Living with albinism: 'I'm the one-in-18,000 in the UK'

Neil Jones and his mum Image copyright Neil Jones
Image caption Mr Jones said his mum (pictured) and dad were "alone in the dark" in raising a child with albinism in mid Wales

When Neil Jones was born in mid Wales 40 years ago, it was clear something was wrong. Doctors were baffled by problems with his eyes and it took them two years to come up with the final diagnosis of albinism. But what is albinism? And what did it mean for a young boy growing up in a small Powys town?

"When I was born no-one else in my family had the condition," he said. "The doctors didn't really have a clue what it was they were looking at."

Albinism is a lifelong condition which limits the body's ability to produce melanin - the pigment which gives hair, skin and eyes their colour.

About one in 18,000 people are affected in Wales, the equivalent of 175 people.

People with albinism can have pale skin which burns easily in the sun, white hair, short sight, a sensitivity to light and involuntary eye movements.

There are two types of albinism - that which affects the skin, hair and eyes (oculo-cutaneous albinism) and that which affects just the eyes (ocular-albinism).

Mr Jones, who lives with his partner in Llanidloes, has the latter.

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Media captionTasmin Cressoti: 'I didn't feel human'

He said there was a lack of support for his parents who "were alone in the dark" in raising a child with albinism.

But he said he was "very fortunate growing up" that he went to a local primary school, before spending his secondary school years at a Royal National Institute for the Blind (RNIB) boarding school for the blind and visually-impaired in Worcester.

"My parents have never been overprotective. I was always encouraged to go out and make friends from an early age, and basically do everything a fully-sighted child would do," he said.

"But for people that weren't as fortunate as me, I do think they are very isolated. If there is support for people with albinism in Wales, it is not widely advertised."

Mr Jones, who works in a special educational needs school, said he felt frustrated about attitudes and the lack of knowledge about albinism.

"Information on any subject is at your fingertips via the internet," he said, "so there really is no excuse for ignorance in today's modern world".

"I recently googled albinism and was surprised how much information is out there."

He said if everyone read just one website, albinism "would be so much better understood".

Image copyright Neil Jones
Image caption Mr Jones has ocular-albinism and is registered as partially-sighted

Mr Jones said people who have the visual characteristics of albinism often find they are stereotyped, thanks in part to what he described as "negative portrayals in society".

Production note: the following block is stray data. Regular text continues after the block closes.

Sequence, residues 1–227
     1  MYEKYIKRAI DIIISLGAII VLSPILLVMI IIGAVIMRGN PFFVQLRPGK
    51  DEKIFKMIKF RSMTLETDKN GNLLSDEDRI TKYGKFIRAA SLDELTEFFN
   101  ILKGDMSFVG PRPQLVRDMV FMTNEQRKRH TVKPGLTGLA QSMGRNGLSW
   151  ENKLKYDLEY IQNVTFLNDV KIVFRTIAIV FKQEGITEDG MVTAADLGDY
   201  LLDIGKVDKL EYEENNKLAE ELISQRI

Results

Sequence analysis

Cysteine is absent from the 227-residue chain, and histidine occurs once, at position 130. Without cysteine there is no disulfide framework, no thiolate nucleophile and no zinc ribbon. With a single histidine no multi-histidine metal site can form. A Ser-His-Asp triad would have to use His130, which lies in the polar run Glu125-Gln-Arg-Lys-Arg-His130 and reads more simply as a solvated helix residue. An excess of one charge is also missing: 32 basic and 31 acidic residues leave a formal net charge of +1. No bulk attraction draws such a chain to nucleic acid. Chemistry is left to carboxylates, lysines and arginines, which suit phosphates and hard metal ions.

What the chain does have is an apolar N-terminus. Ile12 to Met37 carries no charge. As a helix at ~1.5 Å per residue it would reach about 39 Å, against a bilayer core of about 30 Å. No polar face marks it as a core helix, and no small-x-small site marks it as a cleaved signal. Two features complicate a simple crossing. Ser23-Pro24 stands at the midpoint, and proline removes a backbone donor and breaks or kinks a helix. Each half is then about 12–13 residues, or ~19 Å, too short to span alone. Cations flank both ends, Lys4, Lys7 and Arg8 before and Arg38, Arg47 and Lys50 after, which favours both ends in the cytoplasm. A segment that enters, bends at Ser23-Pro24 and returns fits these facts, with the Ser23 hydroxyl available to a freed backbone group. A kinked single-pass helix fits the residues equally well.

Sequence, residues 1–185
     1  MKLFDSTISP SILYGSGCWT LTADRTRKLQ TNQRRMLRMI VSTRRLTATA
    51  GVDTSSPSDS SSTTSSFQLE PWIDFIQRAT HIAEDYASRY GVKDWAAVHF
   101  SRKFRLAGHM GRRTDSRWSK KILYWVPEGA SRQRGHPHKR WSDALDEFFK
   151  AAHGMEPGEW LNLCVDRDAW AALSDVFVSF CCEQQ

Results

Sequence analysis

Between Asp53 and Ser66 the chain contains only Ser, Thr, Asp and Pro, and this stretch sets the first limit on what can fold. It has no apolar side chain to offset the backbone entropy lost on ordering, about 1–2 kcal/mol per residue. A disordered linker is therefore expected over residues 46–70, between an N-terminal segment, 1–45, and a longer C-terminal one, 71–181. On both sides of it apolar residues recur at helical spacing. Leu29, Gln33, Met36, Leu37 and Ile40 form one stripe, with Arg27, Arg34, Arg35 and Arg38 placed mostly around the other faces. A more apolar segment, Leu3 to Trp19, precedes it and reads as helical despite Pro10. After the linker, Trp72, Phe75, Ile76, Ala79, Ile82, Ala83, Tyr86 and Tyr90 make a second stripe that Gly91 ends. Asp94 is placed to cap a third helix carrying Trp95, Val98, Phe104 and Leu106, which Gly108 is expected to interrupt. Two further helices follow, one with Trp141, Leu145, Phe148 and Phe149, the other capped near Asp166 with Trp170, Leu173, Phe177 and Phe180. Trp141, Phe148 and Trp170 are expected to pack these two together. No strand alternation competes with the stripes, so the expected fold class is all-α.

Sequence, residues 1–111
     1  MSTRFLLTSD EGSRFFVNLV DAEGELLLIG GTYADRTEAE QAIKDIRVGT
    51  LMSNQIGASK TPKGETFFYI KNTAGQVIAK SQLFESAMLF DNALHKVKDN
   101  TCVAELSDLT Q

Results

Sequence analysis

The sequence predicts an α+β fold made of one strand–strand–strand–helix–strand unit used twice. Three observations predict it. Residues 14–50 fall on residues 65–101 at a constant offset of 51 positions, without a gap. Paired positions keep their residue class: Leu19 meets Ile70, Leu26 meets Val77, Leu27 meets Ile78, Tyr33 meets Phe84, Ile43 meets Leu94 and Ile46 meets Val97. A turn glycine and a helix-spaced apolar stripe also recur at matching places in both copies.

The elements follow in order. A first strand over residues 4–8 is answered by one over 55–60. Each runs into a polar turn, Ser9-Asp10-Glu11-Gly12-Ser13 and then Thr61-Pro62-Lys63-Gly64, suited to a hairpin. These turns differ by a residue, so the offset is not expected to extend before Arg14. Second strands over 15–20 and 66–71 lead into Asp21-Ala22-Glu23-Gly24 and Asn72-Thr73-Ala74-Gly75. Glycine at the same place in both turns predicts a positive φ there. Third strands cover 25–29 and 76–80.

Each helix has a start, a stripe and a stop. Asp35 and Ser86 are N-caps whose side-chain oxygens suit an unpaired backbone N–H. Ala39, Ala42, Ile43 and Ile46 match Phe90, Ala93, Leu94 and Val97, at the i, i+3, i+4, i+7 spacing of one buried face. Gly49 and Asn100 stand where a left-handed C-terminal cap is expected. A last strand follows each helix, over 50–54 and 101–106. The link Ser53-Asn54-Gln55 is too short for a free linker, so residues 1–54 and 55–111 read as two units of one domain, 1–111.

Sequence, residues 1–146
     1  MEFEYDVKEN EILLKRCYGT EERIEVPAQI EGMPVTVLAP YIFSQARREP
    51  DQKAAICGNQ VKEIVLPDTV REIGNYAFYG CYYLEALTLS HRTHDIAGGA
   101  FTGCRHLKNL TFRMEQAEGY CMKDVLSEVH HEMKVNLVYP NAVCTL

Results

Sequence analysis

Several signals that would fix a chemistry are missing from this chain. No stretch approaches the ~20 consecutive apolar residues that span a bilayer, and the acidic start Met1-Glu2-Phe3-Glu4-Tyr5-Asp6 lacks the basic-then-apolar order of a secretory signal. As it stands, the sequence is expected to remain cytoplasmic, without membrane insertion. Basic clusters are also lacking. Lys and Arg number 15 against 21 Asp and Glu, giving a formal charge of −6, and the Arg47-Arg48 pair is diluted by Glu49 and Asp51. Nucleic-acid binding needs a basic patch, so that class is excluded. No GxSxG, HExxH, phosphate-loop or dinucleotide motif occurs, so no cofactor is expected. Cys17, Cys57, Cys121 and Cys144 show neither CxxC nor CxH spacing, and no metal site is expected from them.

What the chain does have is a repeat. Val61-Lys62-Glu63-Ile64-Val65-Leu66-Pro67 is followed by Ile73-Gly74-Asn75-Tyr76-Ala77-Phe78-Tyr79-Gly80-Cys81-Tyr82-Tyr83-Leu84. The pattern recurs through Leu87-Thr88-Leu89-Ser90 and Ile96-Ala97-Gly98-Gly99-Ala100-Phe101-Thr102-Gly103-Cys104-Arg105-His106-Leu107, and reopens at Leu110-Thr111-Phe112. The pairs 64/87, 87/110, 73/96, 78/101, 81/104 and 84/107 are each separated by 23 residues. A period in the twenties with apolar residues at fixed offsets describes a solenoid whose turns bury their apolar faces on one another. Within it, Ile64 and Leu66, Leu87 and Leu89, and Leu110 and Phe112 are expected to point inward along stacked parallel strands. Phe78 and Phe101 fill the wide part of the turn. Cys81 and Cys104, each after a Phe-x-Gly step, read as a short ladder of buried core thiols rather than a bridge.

He said Hollywood films were a good example.

The Firm, Vamp, Foul Play and The Da Vinci Code all have "bad guy" characters with albinism.

"It's quite interesting that people who suffer from albinism have been stereotyped into that role, unfortunately," said Mr Jones.

"This does not help enlighten people's perception."

The stigma is extreme in parts of east Africa, where people with albinism have been murdered because of the belief that their body parts can bring wealth and cure illnesses.

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Media caption"We're being killed like animals" - An albino woman in Tanzania where people with albinism have been targeted

Mr Jones praised the work of the international organisation, Standing Voice, which is based in Tanzania and has its headquarters in London.

It exists to tackle the social exclusion of marginalised groups, such as people with albinism, in east Africa through a range of health and education programmes.

The Albinism Fellowship is the official charity for people with albinism in the UK. It is run by volunteers and its "key aim is to provide advice and support".

Roselle Potts, chairwoman of the trustees, explained they achieve this through a host of social events, where people can meet other people affected by albinism and share experiences.

Her daughter has albinism and she said she found it useful meeting other families and "tapping into their knowledge".


Events include family conferences where guest speakers include experts who can explain the science behind albinism and technological advances.

Ms Potts said an event was recently held for the first time in Cardiff, where there were "several kids who met other kids with albinism for the first time".

"It was a magnificent moment," she said.

"With just 175 people having albinism in Wales you can understand why it might feel quite isolating."

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